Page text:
Virginia Memory, Library of Virginia
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MANUMISSION PETITION FOR JAMES LAFAYETTE

Introduction:

For what service during the American Revolution was James Lafayette awarded his freedom?

Lesson Images

James Lafayette, petition for manumission, 1786.

Slave Belonging to William Armistead who entered the service of the Marquis de Lafayette asks to be Granted his Freedom, Legislative Petitions, New Kent County, 30 November 1786, Box 179, Folder 10, Library of Virginia, Richmond, Virginia. (Transcription | High Res)

Standards Of Learning

USI.1, USI.5, VS.1, VS.5

Historical Information:

James, the slave of William Armistead, served in 1781 at Yorktown by spying on Lord Cornwallis for the Marquis de Lafayette. James carried vital information across enemy lines, even pretending to act as a double agent, providing the British with just enough information to gain their confidence so he could learn more to ensure an American victory.

At the beginning of the American Revolution, Lord Dunmore, the last colonial governor of Virginia, offered enslaved Virginians their freedom, provided they would come and fight for the British. While the Continental army did not offer such an incentive, slaves still joined to fight for the American cause. One such man was James, the slave of William Armistead, a Virginia government official. In October 1781, James acting for the Marquis de Lafayette, spied on Lord Cornwallis behind British lines at Yorktown. James carried vital information across enemy lines, even pretending to act as a double agent, providing the British with just enough information to gain their confidence so he could learn more to ensure an American victory. After putting his life on the line fighting for freedom, James found himself returning to slavery as the war came to a close. An unsuccessful 1784 petition for James's freedom seemed to guarantee his slave status, but that same year James received a note from Lafayette commemorating his service, giving James a supporting document from an influential source. In 1786, another petition was sent to the Virginia General Assembly on behalf of James, asking for his freedom, and this time he won. The petition asked that his former master be compensated for the loss of his labor, and, in 1787, William Armistead was awarded $250 dollars as payment for James. James started the year 1787 as a free man, and he took the last name Lafayette. The historical record tells us that as a free man James Lafayette owned lands, held slaves, received a Revolutionary War pension starting in 1819, met Lafayette again during the Marquis's 1824 tour of the United States, and died at age 82 in the year 1830.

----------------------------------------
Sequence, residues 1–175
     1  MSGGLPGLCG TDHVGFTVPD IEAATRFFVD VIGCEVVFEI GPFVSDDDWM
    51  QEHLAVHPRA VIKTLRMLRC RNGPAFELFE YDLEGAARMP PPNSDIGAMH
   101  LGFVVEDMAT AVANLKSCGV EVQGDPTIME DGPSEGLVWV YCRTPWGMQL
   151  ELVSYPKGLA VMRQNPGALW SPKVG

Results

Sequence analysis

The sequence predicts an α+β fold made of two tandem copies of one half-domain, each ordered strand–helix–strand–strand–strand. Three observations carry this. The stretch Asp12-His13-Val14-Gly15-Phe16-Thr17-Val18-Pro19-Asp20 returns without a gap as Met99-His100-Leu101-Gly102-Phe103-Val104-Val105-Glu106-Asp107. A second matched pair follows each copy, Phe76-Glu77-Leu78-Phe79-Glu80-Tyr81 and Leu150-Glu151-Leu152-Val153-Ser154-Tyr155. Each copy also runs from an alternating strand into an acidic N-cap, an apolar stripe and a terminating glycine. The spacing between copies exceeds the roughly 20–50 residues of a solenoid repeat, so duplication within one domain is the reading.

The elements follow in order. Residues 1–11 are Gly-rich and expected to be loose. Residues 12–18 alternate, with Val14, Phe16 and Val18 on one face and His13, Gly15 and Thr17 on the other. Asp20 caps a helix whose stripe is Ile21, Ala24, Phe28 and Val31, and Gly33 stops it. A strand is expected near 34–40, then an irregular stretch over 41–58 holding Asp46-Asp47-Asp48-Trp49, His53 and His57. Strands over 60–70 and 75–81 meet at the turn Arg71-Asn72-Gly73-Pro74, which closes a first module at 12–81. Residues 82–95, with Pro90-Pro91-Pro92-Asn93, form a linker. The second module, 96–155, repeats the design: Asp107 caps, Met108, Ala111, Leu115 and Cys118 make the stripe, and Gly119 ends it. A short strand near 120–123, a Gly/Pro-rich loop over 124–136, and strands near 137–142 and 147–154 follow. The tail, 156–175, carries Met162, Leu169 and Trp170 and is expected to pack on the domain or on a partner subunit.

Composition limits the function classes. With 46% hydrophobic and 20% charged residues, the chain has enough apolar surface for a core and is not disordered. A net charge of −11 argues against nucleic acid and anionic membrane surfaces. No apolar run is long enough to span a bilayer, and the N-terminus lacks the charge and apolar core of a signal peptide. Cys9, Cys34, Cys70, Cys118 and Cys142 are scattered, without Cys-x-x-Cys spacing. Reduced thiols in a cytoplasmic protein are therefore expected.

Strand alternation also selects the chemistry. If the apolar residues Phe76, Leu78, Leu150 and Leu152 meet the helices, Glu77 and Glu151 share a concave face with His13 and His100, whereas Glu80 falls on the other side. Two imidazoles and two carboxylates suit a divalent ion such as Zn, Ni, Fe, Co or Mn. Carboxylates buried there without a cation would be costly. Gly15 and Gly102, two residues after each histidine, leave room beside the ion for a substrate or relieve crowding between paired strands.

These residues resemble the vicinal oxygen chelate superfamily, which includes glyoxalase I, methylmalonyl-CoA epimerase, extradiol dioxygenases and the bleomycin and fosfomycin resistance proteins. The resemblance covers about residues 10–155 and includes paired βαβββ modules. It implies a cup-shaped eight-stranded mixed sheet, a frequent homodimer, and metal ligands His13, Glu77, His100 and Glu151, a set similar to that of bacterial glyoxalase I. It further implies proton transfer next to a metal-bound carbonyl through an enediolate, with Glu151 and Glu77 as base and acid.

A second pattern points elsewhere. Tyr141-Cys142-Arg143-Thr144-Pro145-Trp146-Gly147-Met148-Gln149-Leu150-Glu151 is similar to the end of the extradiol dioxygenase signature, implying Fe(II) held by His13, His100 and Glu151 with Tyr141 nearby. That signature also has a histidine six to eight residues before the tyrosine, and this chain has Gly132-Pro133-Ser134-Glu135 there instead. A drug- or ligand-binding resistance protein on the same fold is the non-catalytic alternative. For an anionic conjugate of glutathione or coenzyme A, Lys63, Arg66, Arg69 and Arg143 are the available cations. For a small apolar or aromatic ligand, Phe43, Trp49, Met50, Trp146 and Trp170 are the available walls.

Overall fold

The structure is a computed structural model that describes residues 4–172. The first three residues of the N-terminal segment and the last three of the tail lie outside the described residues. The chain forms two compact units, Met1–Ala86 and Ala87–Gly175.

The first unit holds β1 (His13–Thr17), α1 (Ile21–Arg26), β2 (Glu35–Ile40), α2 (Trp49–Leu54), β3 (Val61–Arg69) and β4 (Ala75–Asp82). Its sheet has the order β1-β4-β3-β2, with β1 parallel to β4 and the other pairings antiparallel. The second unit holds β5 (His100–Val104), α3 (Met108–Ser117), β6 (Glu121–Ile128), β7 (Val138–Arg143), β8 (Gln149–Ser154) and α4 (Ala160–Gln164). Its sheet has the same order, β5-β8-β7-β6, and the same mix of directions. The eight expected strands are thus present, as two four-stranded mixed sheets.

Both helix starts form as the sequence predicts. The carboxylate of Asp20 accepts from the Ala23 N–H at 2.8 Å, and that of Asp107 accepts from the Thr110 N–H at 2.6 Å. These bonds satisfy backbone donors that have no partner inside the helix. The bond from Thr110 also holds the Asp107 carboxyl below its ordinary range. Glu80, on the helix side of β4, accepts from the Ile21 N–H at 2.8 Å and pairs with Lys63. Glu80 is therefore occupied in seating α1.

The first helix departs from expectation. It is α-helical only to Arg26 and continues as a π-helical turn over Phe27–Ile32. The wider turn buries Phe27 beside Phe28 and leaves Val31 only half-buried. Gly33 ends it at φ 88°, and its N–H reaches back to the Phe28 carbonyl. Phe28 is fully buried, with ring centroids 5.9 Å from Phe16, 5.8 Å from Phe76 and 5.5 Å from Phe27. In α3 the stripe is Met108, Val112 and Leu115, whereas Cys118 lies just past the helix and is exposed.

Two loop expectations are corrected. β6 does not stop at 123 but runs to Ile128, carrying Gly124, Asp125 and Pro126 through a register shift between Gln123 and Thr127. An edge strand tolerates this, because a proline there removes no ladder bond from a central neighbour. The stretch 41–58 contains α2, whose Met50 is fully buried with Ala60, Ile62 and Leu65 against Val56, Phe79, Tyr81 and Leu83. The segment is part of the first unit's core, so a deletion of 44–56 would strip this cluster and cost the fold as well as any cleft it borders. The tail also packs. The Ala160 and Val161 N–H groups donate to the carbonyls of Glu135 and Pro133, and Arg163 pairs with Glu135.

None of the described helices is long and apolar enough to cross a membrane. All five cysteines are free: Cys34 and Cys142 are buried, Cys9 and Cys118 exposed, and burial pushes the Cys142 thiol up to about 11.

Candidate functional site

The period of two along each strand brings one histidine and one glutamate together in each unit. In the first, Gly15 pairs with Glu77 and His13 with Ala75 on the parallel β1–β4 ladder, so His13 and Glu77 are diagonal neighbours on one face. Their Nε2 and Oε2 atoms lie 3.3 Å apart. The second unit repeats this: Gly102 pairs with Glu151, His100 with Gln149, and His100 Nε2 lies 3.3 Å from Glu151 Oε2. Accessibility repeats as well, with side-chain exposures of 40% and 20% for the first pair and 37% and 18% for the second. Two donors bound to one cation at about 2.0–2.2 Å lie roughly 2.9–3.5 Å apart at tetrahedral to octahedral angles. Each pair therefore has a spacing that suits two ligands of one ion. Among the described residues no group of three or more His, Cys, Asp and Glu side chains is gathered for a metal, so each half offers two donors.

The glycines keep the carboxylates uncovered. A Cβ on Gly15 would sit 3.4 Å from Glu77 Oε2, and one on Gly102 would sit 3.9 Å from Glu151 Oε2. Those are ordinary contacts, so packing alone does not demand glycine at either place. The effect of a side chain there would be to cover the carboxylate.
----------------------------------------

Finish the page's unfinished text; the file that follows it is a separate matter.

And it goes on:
Vocabulary Words:

• Petition—a formally drawn request, often bearing the names of a number of those making the request, that is addressed to a person or group of persons in authority or power, soliciting some favor, right, mercy, or other benefit.

• Fidelity—strict observance of promises, duties, etc.

• Commemorate—to serve as a memorial or reminder of.

Lesson Activities

• PRE-LESSON ACTIVITY: Have students read the petition and identify James Lafayette's role in the Revolutionary War.

• TIMELINE: Have students create a timeline of important dates/events in James Lafayette's life.

• ORAL EXPRESSION: Before telling the class that James Lafayette won his freedom with the second petition, ask students what action would they take if they were the General Assembly. Have students debate by presenting evidence in favor of James Lafayette's winning his freedom and evidence against it. After the presentations, have a class vote.

• CREATIVE EXPRESSION: Today we can send letters to our representatives asking them to support legislation. Have students write a letter to a member of the General Assembly in 1786 telling the members why they should grant James Lafayette his freedom.

Research and Discussion Questions:

• Have students discuss the risks James Lafayette took and the possible motivations for his actions.

Suggested Materials

Salmon, John. “A Mission of the Most Secret and Important Kind: James Lafayette and  American Espionage.” Virginia Cavalcade 31, no. 2 (1981): 78–85.

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